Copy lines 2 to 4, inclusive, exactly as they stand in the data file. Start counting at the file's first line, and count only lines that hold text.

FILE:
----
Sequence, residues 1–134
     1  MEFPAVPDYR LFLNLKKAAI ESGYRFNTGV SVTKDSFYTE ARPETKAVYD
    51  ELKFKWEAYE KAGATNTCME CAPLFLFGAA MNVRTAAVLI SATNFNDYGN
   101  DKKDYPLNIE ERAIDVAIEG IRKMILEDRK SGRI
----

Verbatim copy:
     1  MEFPAVPDYR LFLNLKKAAI ESGYRFNTGV SVTKDSFYTE ARPETKAVYD
    51  ELKFKWEAYE KAGATNTCME CAPLFLFGAA MNVRTAAVLI SATNFNDYGN
   101  DKKDYPLNIE ERAIDVAIEG IRKMILEDRK SGRI